It became clear that I enjoyed a level of awareness that few shared. Clem, for example, was at the other end of the spectrum; in some sense, he was the "dodo" of the Family. He acted most of the time like some bumbling vapid-eyed hippie who didn't care what happened. It wasn't that Clem was dumb, it was just that he adopted Charlie's program of playing the idiot (playing beneath the awareness of people) so completely that he became an idiot.

Still, he was always a likable character—unkempt, lanky, and awkward. He had long blond hair, freckles, and was fair-complexioned. Before joining the Family (shortly before I arrived at Spahn's), he'd lived with the hippies in the back ranch house. He played the guitar and sang pretty well, and unlike Brooks and Tex, was able to survive the sex scenes without undue trauma. He didn't tune in much to the nuances of the group sex, but when it came to a one-on-one situation, he could balls his brains loose.

We were both in good spirits that morning, feeling lucky to be alive: the day before, we'd borrowed Dennis Wilson's Ferrari, to make a garbage run and then to drive around the mountains near Spahn's. Clem was at the wheel, hauling ass up the mountain on Santa Susana Pass, speed-shifting and burning rubber on the curves. We came blazing up the hill into the steepest curve on the grade, doing about eighty. Clem was beside himself: "Yeeya-hoo! he bleated. I knew instinctively that we'd have to accelerate to make the turn. "Go for it, Clem…tromp the son of a bitch!" We boogied into the turn and my heart leaped into my throat. "Yeeow!" Clem bellowed. The tires squealed and Clem lost it, hitting the brakes. We skidded onto the shoulder, then spun out into the middle of the road before smacking into the guardrail. I thought it was all over. But we bounced of again and came shuddering to a halt in the middle of the road. The car looked like a crushed tin can, nothing left but a twisted mass of glistening metal and broken glass. Miraculously, we were both unhurt. We climbed out through the windows, then hiked back to the ranch. Dennis and Charlie were sitting under a tree in front of the ranch house along with Brenda, Snake, and Sandy, when Clem and I ambled down the road.

"Hey, man," Clem said to Dennis. "Like we kinda had an accident in your car…"

Dennis lay supine on the ground beside Charlie. He raised himself to his elbows. "What happened?"

"Totaled it, man," I said. "Completely."

Charlie drove us back up there in the pickup. But when we got to the curve, the wreckage was gone—not a trace of it except for the long set of serpentine skid marks. "Looks like some motherfucker come along and grabbed up your wheels, man," Charlie mused. "Too bad, that engine's probably worth some bucks."

Later we called the highway patrol. They knew nothing about it. Dennis filed a report, but to no avail—that was the last he ever saw of his car. I figured we survived the crash simply because Clem was too do-doed out to get snuffed.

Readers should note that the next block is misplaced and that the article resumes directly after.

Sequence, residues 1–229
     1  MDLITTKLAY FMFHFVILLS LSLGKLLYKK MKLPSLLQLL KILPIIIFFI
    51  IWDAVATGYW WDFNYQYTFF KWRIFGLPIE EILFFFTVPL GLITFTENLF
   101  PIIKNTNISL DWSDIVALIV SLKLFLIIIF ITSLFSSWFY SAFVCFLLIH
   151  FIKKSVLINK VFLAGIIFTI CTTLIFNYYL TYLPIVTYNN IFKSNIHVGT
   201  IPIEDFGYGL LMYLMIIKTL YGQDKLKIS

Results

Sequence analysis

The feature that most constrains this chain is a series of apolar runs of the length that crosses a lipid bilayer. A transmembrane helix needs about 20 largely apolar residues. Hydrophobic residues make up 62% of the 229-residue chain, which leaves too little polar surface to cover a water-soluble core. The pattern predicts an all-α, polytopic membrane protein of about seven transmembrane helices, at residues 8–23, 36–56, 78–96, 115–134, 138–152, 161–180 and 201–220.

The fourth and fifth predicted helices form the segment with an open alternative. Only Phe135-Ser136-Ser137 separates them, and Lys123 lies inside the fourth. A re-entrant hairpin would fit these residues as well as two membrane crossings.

We were discussing the accident that evening under the tree when we spotted Sadie riding by on one of George's old geldings. I yelled at her but she didn't seem to hear. Minutes later she came trotting up the road on foot. She was wearing faded Levi's about three sizes too big and an old sweater pulled over her plump belly. After nearly six months of pregnancy, her breasts were huge, bouncing gingerly beneath her sweater as she hurried past us toward the house.

"Where's Charlie?"

"Up at the outlaw shacks. Why…what's up?"

"I think I'm going to have my baby."

Clem and I exchanged glances as Sadie disappeared into the ranch house.

"Go get Charlie!"

Clem sprinted up the hill toward the outlaw shacks. I raced to the house.

The girls had gathered around Sadie in the middle of the room.

"Get the towels and boil some water in the big pot…Let's pull these mattresses together so she can lie down." Mary Brunner took charge immediately. Just four months earlier, she'd given birth to Pooh Bear under similar circumstances.

"Give her some room, dammit," Katie said, tugging on the mattress.

Sadie lay down in the middle of the floor. The girls helped her off with her clothes and Brenda brought her a pillow. Snake perched on a chair like a little bird, her eyes wide with anticipation, her face all but hidden behind her hair. The other girls gathered around like Mexican women in an open marketplace. I looked over the tops of their heads.

"You okay, Sadie?"

"Yeah, Paul…but the baby is coming…I know he's coming. Where's Charlie?"

"I'm right here!" the front door slammed behind Clem and Charlie. They'd both been running.

"Back off a little and give her some room," Charlie ordered, kneeling down beside her. "How you makin' it, honey?"

Charlie was shirtless, his body filmed in a light perspiration. He wore Levi's, cowboy boots, and a red bandanna tied around his head.

Sadie grimaced. "Uh…ahhh…okay, Charlie…okay…"

"Paul, why don't you play some music, dig…we want this little motherfucker to come out dancin'…right?"